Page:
Pencom had been providing more than 200 software developers to IBM in Austin for about a year and a half, but the non-renewable contract was due to expire. "IBM didn't want to lose the people, Pencom didn't want to lose the revenue and its employees didn't want to leave Austin. So we decided to open our own software company," says Taylor, Pencom executive vice president and PSW board member. The Pencom employees became PSW employees, and IBM (and others) went to PSW for specialized services.
"The day I moved to Austin was the day I opened PSW and moved into the incubator," says Taylor. "I didn't even know how to get to the grocery store. Having the incubator bring us into the Austin society and business community was vastly helpful."
By the time PSW moved out of the incubator less than two years later, the firm employed 70 people. Laura Kilcrease, CEO of ATI at the time PSW was in the incubator, says it's no surprise the company founders have done so well. "They're dynamic, they're passionate about their business and they have great people," she says. "Ed Taylor is a great leader."
Kilcrease points out that the benefit to the Austin-area economy didn't end with the success of PSW. Taylor went on to spin off another company, Collective Technologies. PSW now employs more than 400 people, and Collective Technologies employs nearly 500. "The impact is more profound than just a simple company. It goes on."
Taylor agrees with Kilcrease's assertion. "Were it not for the incubator, I would never have been in Austin. If PSW hadn't grown into a stable company, Collective never would have happened," he says.
Since 1989, PSW has shifted its focus from software to helping companies implement e-commerce solutions, capitalizing on the growing popularity of conducting business over the Internet. According to a company spokesman, helping companies implement e-commerce initiatives now accounts for about 70 percent of PSW's business. It also provides interactive television technologies, including e-mail, enhanced broadcasting and Internet access via television, as well as other TV applications formerly of the computer realm, such as direct purchasing and on-demand video games.
Today PSW is on the NASDAQ ticker (PSWT), and its stock has been on the rise over the last year. In December, the company saw its stock jump more than 50 percent in one day after news of a favorable rating from Wall Street analysts. Experts have predicted accelerated growth for the company in part because of its shift toward Internet consulting work. Revenues for 2000 are expected to reach $70 million.
Peachtree Software knows a thing or two about being – and helping – a small business. A graduate of the Intelligent Systems Shared Resource Technology Center in Norcross, Ga., the company provides accounting software designed especially for small businesses. Its products provide accounting solutions for companies with one to 25 employees.
Peachtree was one of the first companies to offer off-the-shelf accounting software for personal computers in the 1980s. The company quickly found its niche in the small-business market. With a little help from the incubator – including initial financing for a company turnaround, payroll and personnel services, and strategic advice on products and pricing – Peachtree quickly grew from a fledging accounting software company into an industry leader. Although Peachtree's award-winning products are easy to use and affordable enough for small, growing businesses, they're as powerful and effective as similar products used by larger corporations.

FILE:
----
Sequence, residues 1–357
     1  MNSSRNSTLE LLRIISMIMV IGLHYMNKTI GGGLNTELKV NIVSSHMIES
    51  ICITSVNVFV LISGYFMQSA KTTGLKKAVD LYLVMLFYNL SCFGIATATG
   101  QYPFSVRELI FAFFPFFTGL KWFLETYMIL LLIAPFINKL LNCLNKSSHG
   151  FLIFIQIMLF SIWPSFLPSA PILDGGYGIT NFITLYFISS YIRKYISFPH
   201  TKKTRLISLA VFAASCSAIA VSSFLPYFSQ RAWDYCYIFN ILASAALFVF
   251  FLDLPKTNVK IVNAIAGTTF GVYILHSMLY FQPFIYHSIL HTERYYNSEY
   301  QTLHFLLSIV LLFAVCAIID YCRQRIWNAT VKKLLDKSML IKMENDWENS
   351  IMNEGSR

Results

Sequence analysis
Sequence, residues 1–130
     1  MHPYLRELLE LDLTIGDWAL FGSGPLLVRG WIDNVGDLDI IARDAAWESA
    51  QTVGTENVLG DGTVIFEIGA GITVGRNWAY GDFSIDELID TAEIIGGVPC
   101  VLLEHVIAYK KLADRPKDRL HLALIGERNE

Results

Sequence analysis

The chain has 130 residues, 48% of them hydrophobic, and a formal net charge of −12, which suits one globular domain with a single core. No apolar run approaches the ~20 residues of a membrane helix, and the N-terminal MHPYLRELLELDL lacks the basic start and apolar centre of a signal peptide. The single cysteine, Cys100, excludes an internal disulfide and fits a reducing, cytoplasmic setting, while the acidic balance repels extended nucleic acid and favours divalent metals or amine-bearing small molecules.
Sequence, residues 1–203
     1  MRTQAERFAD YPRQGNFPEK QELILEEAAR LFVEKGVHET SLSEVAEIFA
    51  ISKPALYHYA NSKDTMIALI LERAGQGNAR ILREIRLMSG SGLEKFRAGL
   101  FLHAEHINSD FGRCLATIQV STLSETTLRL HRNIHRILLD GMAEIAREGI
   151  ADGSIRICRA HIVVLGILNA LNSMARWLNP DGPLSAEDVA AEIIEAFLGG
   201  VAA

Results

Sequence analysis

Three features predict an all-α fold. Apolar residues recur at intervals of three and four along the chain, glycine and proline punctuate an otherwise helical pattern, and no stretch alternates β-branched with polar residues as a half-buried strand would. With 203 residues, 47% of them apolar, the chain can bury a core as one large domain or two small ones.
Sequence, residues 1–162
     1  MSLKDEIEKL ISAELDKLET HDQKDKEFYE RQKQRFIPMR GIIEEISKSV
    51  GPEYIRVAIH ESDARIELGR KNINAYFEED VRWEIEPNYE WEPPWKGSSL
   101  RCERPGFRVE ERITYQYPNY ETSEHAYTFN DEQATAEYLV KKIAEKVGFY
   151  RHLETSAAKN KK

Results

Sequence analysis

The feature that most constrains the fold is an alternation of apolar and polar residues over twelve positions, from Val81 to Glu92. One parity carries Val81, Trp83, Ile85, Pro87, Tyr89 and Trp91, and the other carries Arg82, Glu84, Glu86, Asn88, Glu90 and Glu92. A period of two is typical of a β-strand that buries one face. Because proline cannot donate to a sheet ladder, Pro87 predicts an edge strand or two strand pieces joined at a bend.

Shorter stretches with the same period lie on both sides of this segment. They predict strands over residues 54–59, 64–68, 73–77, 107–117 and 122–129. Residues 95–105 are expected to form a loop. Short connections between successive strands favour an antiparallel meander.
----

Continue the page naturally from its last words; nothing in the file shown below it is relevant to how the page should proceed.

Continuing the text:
"Peachtree Software was really our first incubator company in the late 1980s," says Bonnie Herron, director of the for-profit Intelligent Systems Shared Resource Technology Center. "In fact, because the concept worked so well with Peachtree, we decided to expand into a full-fledged incubator program."
Intelligent Systems' pilot incubator client remained there for two years – then began to grow so rapidly that it moved to its own facility. Today, Peachtree has sold more than a million software packages. Approximate 1998 revenues were $50 million, and the company employs about 350 people.
Early in 1999, The Sage Group, an England-based leading provider of personal computer accounting software for small and medium-sized businesses, acquired Peachtree. The reasons were many. "Peachtree Software has a strong brand, established channel, focused product range and a very substantial customer base that provides us new opportunities in the United States," says Paul Walker, CEO of The Sage Group.
MapInfo Corp., a business mapping software company with clients like Microsoft, Domino's Pizza and the London, England, Metropolitan Police Department, started as a project in an entrepreneurship class at Rensselaer Polytechnic Institute (RPI) in Troy, N.Y. Help from RPI's Incubator Program helped MapInfo grow from a student project into the giant it is today, employing more than 420 people and posting revenues of $60.6 million for fiscal year 1998.
MapInfo's spatial intelligence helps clients discover unseen patterns and trends in data. The company's software helps law enforcement clients track crime patterns, wireless telephone carriers to see where their customers are losing connections and sales departments to see customer account histories imposed over maps shaded to indicate where the best sales prospects are.
But MapInfo's focus hasn't always been what it is today. When the company started, the plan was to develop an in-car navigation system. Willingness to make quick, smart business decisions marked the company's path to success from the start, according to Michael Marvin, chairman of MapInfo's board and a principal since the beginning. "Car navigation became desktop mapping within three months. I wouldn't be here today if we hadn't quickly made that change," Marvin told attendees during his keynote address at NBIA's national conference in Scottsdale, Ariz., in 1995.